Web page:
- Decisions coming soon on steel mill, smelter in New Madrid (11/17/17)1
- Cape man accused of secretly recording women, posting to porn site (11/22/17)
- Thankful People: Kirsten Strebe recovers from traumatic car accident, brain injury (11/23/17)
- Cape attorney Brandon Cooper to run for judge (11/20/17)2
- Thankful People: Moore family counts its blessing after harrowing accident (11/23/17)
- Cape native co-directs Thanksgiving-related indie film, 'Drinksgiving' (11/17/17)
- State audit: Bollinger County tax levies violate state law; county commission disagrees (11/17/17)3
- Deal Finder brings 'unique' shopping to Cape Girardeau (11/24/17)
- The Tungsten Groove to release first album featuring original songs (11/17/17)
- 1 dead, 3 hurt in accident on Highway 72 (11/19/17)
Rwandans mark eighth anniversary of genocide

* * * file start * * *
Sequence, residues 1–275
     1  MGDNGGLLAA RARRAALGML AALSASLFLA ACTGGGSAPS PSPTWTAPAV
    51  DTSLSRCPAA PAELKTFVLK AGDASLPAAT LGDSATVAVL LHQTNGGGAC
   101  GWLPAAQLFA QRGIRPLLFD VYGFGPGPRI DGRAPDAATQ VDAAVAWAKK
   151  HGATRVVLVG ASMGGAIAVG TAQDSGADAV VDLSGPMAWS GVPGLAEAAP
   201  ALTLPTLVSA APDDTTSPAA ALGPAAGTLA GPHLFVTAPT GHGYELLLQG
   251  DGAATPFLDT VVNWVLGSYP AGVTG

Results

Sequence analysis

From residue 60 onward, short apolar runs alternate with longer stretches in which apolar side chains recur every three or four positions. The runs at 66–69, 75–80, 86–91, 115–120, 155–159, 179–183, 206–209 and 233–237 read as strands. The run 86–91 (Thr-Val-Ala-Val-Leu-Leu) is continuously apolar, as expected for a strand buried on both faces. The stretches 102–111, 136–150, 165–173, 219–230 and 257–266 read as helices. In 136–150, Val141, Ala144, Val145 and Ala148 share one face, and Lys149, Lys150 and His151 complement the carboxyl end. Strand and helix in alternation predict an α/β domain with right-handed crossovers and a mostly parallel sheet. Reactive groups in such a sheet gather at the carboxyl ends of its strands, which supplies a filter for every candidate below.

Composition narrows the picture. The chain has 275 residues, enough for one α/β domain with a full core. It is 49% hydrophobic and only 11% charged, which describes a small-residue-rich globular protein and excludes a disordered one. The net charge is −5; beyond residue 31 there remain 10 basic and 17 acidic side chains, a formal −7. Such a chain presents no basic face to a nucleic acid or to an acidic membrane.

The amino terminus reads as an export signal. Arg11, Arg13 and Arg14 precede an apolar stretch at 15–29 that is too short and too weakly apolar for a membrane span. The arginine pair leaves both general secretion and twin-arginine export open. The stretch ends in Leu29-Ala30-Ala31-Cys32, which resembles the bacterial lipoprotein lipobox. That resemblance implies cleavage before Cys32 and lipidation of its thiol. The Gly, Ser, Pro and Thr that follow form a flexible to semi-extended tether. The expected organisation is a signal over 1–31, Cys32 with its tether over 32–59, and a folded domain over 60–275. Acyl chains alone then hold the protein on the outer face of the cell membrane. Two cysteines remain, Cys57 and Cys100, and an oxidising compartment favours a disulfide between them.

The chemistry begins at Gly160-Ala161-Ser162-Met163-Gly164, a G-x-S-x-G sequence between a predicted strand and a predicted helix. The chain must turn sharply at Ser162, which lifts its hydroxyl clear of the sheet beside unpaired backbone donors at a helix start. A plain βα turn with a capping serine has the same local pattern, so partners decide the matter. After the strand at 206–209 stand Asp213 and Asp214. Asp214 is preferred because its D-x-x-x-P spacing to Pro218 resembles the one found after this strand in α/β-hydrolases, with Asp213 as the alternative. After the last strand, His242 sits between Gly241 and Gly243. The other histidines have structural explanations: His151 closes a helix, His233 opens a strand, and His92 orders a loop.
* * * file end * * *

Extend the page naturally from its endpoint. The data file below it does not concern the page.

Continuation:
NYAKIBANDA, Rwanda -- A few days after Rwanda's 1994 genocide began, Immaculee Mpunga and her three children saved themselves by hiding among the bodies of people who had been hacked to death with machetes in a field outside this small village.
On the ground, they smeared themselves with blood from the bodies and pretended to be dead to fool the killers who were working their way through the countryside outside Nyakibanda, about 100 miles from the capital, Kigali.
Mpunga told her story to hundreds of people who gathered Sunday on a muddy field outside Nyakibanda's Roman Catholic church to mark the eighth anniversary of Rwanda's genocide by reburying the remains of some 3,000 people killed in and around the church during the first two weeks of the slaughter.
Hutu soldiers and members of the Hutu Interahamwe militia leading the slaughter "used machetes to cut the necks and ankles of victims to immobilize them and let them bleed to death," said the 40-year-old woman.
An estimated 500,000 minority Tutsis and politically moderate Hutus were killed during 100-day genocide triggered when a plane carrying Hutu President Juvenal Habyarimana was shot down on April 6, 1994.